The Kāpiti Coast District Council accidentally sent spam email to hundreds of people last night. The email, which was sent from a genuine council email address, got around the council spam filters.
The email that was sent from a council email address asked recipients to “contact John for detailed information on funds transfer to you based on your surname. John's Email: email@example.com,” a statement from the Council says.
Kapiti Coast Mayor K Gurunathan says the spam incident is unfortunate.
“While our IT protection picks up most of the SPAM mail we receive there will always be the odd thing that slips through and we do encourage anyone that receives an obscure looking email from us to delete it and to contact us straight away,” Gurunathan says.
“I can assure recipients that the Council has not won the lotto and transferred funds to individuals overnight,” Gurunathan comments.
The last week has seen a flurry in spam and phishing emails that appear to represent genuine New Zealand organisations.
On Monday a scam masqueraded as the Ministry of Primary Industries, and appeared to come from firstname.lastname@example.org.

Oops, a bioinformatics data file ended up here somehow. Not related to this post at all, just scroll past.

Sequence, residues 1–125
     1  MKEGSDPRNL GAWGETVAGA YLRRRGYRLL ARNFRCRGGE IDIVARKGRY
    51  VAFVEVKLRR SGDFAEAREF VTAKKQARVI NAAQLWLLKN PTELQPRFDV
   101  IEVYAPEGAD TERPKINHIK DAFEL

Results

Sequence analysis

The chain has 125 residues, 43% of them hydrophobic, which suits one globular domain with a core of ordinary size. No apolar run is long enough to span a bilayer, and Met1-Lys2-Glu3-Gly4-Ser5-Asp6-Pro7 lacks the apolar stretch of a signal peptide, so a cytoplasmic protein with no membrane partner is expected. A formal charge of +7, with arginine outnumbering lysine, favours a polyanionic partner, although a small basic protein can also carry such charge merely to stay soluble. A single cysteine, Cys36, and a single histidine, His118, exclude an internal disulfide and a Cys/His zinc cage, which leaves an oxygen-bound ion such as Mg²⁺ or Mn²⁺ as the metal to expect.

The email contained an attachment that installed a keylogger, which CERT NZ would be difficult to remove.
The attachment made use of an old Microsoft Office exploit, which was discovered in 2012.
The exploit has been issued patches however those with older and unpatched Microsoft Office software could potentially fall victim to the malware.
CERT NZ recommended that those who suspect they have been infected should contact an IT specialist to remedy the issue.
“Keylogging software is difficult to remove. The best remediation is to rebuild your machine from the last back up taken before this email was received. We recognise this is a difficult step for many users and organisations,” CERT says.
In another reported incident last Friday, Inland Revenue warned of a tax refund phishing email that attempted to trick users into downloading malware. While the sender’s name appears as Inland Revenue Department”, the email domain was actually IRDxxxxx@s1.nzr.review
The email attempted to gain personal information through a ‘tax return form’.
“A form comes as an attachment called TaxReturn.HTM. Again it looks convincing but is fake and designed to collect personal and credit card data,” a statement from Inland Revenue explains.
The organisation received 120 reports in just 12 hours. It warned recipients not to open the attachment.
“If you have clicked on the form and submitted any personal or credit card data please contact your bank immediately. We also recommend you contact IDcare (http://www.idcare.org or phone 0800 201 415).
People can also notify Inland Revenue at email@example.com."